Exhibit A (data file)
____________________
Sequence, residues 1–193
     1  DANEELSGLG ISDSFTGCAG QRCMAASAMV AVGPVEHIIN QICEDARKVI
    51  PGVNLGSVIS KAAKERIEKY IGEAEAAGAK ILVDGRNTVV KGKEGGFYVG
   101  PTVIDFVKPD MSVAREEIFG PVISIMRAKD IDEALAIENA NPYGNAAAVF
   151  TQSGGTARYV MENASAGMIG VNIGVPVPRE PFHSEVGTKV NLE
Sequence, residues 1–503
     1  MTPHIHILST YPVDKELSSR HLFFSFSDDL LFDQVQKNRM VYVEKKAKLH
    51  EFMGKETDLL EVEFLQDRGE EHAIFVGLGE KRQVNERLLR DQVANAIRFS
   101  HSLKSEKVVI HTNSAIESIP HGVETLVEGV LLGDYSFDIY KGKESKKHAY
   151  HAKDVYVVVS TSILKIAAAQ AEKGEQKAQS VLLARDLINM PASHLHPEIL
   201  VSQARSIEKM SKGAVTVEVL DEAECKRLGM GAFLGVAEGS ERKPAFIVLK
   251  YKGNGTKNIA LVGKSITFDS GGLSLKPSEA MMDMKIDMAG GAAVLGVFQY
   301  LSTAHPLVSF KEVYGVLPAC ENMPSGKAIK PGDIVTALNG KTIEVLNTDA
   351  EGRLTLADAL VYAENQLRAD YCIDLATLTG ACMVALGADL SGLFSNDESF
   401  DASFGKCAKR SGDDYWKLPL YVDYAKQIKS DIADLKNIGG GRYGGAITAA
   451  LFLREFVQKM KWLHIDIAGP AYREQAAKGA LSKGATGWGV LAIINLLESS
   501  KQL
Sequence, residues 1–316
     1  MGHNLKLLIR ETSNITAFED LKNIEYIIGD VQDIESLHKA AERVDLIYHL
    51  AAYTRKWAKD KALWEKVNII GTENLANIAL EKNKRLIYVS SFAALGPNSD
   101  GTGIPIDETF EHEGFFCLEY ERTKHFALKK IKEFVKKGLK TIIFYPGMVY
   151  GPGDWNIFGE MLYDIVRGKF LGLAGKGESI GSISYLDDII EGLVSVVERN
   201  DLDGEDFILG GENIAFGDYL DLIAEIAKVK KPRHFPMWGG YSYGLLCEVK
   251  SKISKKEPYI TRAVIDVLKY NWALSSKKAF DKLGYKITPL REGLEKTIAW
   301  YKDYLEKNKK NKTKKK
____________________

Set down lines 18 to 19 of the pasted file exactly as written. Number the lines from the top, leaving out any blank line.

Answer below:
Sequence, residues 1–316
     1  MGHNLKLLIR ETSNITAFED LKNIEYIIGD VQDIESLHKA AERVDLIYHL